White House said Friday that no meeting has been scheduled between US
President Barack Obama and Prime Minister Binyamin Netanyahu for next week,
despite a Fox News report of a planned parley. White House officials,
however, didn't rule out the potential for such a meeting to be added to
the schedule early next week, when Netanyahu is in town to address the American
Israel Public Affairs Committee.
On Thursday night, US Secretary of State Hillary Clinton spoke with Netanyahu over the phone. The two discussed the Ramat Shlomo construction crisis, and Netanyahu proposed mutual confidence building measures between Israel and the Palestinians in the West Bank. The media was not provided with specifics as to the measures considered, although the Prime Minister’s Office noted that these had been agreed upon by Netanyahu’s inner cabinet.
With the Netanyahu government still drafting a formula on construction in Jerusalem to satisfy the Americans, the Prime Minister’s Office said on Thursday that US Middle East envoy George Mitchell is scheduled to arrive here on Sunday to work toward indirect talks between Israel and the Palestinians.
Mitchell was originally expected last week, but postponed his trip amid reports that he was awaiting Israeli answers to demands that Clinton had made, following the Ramat Shlomo construction flap.
One of her demands was reportedly for Netanyahu to cancel the Ramat Shlomo project.
Mitchell is scheduled to meet both Netanyahu and Barak before the two of them leave for the US Sunday evening to attend the American Israel Public Affairs Committee’s annual policy conference.
Netanyahu on Thursday asked Barak to accompany him on the visit, which will take place during one of the most difficult patches in US-Israeli relations in years.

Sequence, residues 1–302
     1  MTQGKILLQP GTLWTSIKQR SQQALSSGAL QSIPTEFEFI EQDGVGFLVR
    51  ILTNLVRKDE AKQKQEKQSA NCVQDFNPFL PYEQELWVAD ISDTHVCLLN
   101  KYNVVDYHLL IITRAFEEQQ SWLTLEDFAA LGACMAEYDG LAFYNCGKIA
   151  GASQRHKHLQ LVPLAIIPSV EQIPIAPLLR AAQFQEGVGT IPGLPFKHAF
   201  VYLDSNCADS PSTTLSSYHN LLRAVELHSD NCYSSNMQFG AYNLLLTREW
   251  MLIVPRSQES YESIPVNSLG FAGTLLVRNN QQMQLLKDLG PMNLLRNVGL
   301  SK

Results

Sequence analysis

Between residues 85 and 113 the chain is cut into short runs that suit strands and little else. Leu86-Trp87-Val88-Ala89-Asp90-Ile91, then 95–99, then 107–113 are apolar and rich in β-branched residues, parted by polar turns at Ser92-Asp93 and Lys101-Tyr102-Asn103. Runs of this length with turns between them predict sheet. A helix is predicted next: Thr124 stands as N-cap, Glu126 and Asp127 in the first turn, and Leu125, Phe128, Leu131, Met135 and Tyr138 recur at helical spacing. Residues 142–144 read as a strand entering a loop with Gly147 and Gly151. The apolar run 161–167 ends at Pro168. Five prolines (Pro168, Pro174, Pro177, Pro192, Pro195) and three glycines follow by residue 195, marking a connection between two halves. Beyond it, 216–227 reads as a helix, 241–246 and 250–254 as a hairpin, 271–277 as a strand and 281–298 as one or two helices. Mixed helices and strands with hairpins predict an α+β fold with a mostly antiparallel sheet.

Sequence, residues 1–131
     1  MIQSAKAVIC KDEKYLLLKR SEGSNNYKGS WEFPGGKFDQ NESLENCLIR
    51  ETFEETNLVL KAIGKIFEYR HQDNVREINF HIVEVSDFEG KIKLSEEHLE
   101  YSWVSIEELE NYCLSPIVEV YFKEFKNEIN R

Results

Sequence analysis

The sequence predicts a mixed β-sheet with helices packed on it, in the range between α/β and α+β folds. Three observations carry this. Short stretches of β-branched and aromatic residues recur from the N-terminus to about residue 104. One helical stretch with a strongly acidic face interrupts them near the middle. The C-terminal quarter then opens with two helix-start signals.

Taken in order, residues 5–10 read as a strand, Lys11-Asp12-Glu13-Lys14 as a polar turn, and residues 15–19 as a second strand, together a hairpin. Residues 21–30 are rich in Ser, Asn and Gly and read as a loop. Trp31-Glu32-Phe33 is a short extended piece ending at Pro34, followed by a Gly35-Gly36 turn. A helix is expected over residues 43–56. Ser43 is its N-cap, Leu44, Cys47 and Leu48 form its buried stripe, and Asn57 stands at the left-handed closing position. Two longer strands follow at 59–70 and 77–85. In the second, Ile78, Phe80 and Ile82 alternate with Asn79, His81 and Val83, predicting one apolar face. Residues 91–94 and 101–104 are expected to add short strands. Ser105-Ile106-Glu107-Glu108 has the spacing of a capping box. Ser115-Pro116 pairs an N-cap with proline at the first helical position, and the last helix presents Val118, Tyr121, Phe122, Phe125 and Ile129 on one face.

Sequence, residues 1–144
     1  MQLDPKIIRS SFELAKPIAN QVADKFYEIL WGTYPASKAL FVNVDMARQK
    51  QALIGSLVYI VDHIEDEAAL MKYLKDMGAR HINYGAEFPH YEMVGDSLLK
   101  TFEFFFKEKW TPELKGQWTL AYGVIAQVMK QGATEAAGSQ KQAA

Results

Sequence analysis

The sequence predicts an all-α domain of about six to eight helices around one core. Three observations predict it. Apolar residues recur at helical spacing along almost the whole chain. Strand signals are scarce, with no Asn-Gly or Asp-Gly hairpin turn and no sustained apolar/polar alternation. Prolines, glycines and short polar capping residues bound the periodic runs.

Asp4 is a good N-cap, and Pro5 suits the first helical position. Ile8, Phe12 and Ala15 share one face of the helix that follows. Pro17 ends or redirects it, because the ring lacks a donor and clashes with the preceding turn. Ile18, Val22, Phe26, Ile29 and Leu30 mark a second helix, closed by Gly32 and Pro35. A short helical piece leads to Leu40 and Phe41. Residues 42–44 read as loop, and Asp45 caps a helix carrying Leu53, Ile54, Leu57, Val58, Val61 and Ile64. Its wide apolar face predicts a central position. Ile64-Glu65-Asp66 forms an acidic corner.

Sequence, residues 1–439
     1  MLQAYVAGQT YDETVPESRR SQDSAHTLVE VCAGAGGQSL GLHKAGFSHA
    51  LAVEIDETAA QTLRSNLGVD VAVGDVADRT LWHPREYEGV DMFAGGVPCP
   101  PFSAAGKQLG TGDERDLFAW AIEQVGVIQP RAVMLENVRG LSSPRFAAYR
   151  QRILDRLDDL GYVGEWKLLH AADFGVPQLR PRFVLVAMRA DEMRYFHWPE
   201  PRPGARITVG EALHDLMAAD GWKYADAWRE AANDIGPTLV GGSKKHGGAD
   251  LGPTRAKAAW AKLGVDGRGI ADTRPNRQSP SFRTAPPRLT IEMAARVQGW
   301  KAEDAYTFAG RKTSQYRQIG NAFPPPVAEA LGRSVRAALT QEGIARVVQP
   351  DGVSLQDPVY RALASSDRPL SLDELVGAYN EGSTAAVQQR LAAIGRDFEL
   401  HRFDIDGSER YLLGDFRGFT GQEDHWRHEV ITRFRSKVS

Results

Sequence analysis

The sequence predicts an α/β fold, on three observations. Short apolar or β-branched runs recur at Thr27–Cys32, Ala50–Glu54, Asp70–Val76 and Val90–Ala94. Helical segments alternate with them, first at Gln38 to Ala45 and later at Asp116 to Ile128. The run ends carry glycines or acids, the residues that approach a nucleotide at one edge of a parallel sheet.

Although no meetings with top-level US officials have yet been set, Netanyahu – despite the current tension – is expected to meet both Clinton and Vice President Joe Biden.
The White House confirmed that Biden held a telephone conversation with Netanyahu on Tuesday, and agreed to meet with him.
The last time Netanyahu went to Washington, to address the Jewish Federations of North America’s annual conference in November, lack of the coordination with the White House resulted in an awkwardly arranged last-minute meeting.
A repeat performance was to have been avoided next week by Obama’s being out of town during Netanyahu’s visit. But now, as Netanyahu returns to speak to AIPAC on Monday, amid even greater tensions with the US administration than existed in November, a similar potential for diplomatic discomfort arises.
At this point, the White House is saying nothing about the president’s schedule next week, with aides noting the decision to cancel the planned trip to Indonesia and Australia had only just been announced. The Prime Minister’s Office also said it was too early to discuss a meeting, and that the focus of Netanyahu’s visit was on the AIPAC conference.
Obama’s trip was scrapped so he could concentrate on turning up sufficient votes for his major domestic priority, a teetering health care bill that he wants to see Congress pass before its spring recess at the end of March. That means, at the very least, that large chunks of Obama’s calendar in the coming days will be devoted to dealing with the legislation, not the Middle East.
Obama, meanwhile, tried to dial down the crisis atmosphere in US-Israeli relations, saying on Wednesday night that the American and Israel people have a “special bond” even if recent actions in Jerusalem harmed the peace process.